Basic Waterfowl Gear

Benjamin David | December 30, 2020
Photo Credit: Marlene H.
The author setting up duck decoys.

Interested in waterfowl hunting and wondering what basic waterfowl gear you actually need to get started? The truth is you don’t need to spend a fortune, and you can probably bag birds with a shotgun, camouflage, and a stick.

Adding anything else to your gear, will greatly improve your odds, but if you had to, you could do it pretty bare bones.

The Basic Equipment:

A shotgun, some sort of camouflage or concealment, and a long stick to retrieve birds.

Shotgun

If you have one, use it.  You don’t need to go out and buy a brand new waterfowl specific shotgun. A 12 gauge is ideal because of an increased pattern density and shot string, but a 20 gauge hits just as hard with the right shot size and will get the job done.

Camouflage/Concealment

You can sufficiently conceal yourself with a camo long sleeve shirt, camo hat, and natural colored hiking or tactical pants. You can probably get lucky once in a while wearing natural colors, but taking things a little further will help you break up your shape, and blend in with your surroundings. Waterfowl can see some things better than humans can, so concealment will get birds a lot closer, and give you more shooting opportunities.

A Long Stick or Pole

If you are not hunting birds over grain fields, then you’ll need a stick or pole to retrieve downed birds. Of course, thats why a lot of hunters have bird dogs, waders, or a boat, but recovering birds is fairly easy with only a stick when jump shooting narrow ponds or small rivers and creeks.

Going Above and Beyond the Basics

You don’t have to break the bank, and you can get by pretty minimally, while you figure out if waterfowl hunting is for you. However, when you realize how much you love waterfowling, you’ll want to go the distance. Improved concealment, waders, decoys, and maybe even some sort of watercraft will change and enhance the experience, as well as your level of success. Also, success is just more fun, than unsuccessful learning experiences.  Shooting a limit and not worrying about getting wet, or how you might recover a downed duck, is a much more fun experience than stressing over recovering birds, going home wet, or even empty handed.

Camouflage/Concealment Materials and Blinds

Camo Netting
Camo Burlap
Raffia Grass
Synthetic Yarn Grass
Layout Blind by Bulk Decoy Club

Waders

I mostly wear insulated Realtree Max5 camo chest waders by TIDEWE, because the water I hunt is cold, and fairly deep. When I hunt shallow ponds in warmer weather, I use PVC/Nylon Hip Waders by TIDEWE. Unless you have a dog, waders are a must for expanding your shooting ranges over water, and to shoot beyond what is retrievable with a stick. I really enjoy wearing my chest waders, they keep me warm and dry, and even feature a built in dry bag/pocket, warming pocket, accessory attachment rings, and shell holders.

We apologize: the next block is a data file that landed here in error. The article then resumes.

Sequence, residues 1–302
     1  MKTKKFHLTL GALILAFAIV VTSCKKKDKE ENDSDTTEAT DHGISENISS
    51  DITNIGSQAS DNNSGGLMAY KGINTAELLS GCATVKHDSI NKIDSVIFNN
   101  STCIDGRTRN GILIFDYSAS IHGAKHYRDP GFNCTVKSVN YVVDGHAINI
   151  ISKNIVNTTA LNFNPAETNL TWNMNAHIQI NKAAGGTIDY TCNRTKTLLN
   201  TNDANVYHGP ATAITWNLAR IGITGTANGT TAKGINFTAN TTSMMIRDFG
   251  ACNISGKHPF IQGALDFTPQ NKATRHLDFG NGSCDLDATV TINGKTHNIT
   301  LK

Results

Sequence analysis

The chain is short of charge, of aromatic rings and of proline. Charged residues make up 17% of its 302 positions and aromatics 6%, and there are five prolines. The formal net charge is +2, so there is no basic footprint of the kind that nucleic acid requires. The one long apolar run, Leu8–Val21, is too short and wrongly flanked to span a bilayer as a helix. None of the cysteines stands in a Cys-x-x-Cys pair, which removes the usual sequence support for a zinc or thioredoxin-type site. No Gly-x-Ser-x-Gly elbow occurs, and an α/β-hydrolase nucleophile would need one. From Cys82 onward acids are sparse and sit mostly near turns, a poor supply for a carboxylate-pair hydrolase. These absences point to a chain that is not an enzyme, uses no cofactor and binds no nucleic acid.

Decoys

These are my personal preferences. I have these and use these successfully. I also think they provide the best value for the dollar.
Lucky Duck - Spinning Wing Decoys
Hard Core Brands Mallard Floater Decoys, 12 Pieces
Flambeau Outdoors, Storm Front 2 Blue-Winged Teal Floating Decoys
– Hard Core Brands Teal Decoys. I don’t see them on Amazon at the time of posting this, but Higdon Outdoors Standard Green Wing Teal Decoys seem like they’d be an okay replacement.
– You’ll also want to rig all of them with Hard Core Brands Texas Rig, I do.

Watercraft

I use a modified Lifetime Tamarack Angler Kayak, with an anchor and a camo paint job. I’ve also added tons of padeye attachment points for brushing materials.

Other options, albeit much larger and more expensive, include dedicated Sneak Boats, like the Beavertail 2000 Series Stealth, which has room for two people, decoy carrying capacity, and room for a dog.

A float tube, is another option. However, I personally prefer a more rigid and sturdy craft that doesn’t involve inflatables near rough water, abusive environments, and projectiles.

Don’t be a drowning statistic, and never rely on neoprene waders to keep you afloat. Get yourself a reliable PFD like the Onyx camo shooting life vest, and wear it!

Final Thoughts

Nobody knows everything their first day out, and you will learn a lot about waterfowl hunting in a pretty short amount of time. With more experience, you’ll likely change strategy, gear preferences, style of hunting, etc. So acquiring equipment as you need it, makes better sense than splurging on gear you potentially wont want or use later. Whats important is getting outside, sharing the experience that waterfowlers love and enjoy, and learning as much as you can along the way.

Please Stay Safe!

Fast moving water that is only waste deep can easily sweep you under.  Winds can cause large waves on waters that were nearly dead still out of nowhere, and capsize your boat or kayak. Hypothermia can render a person unconscious in less than fifteen minutes in cy waters. Thats probably less time than it would take you to fumble to a shore line in bulky waders.  If there is any chance at all, that you will be in, or crossing water, wear a PFD. I use and recommend the Onyx camo life vest. Its designed for shooting, and has mesh on the shoulders where you shoulder your shotgun.

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Written By Benjamin David
Benjamin is an avid outdoorsman with a wide range of experience hunting, fishing, climbing, and backacking. He brings his knowledge and experience, to Sportsman's Magazine, and is a major content contributor. Leave Ben a comment or question.

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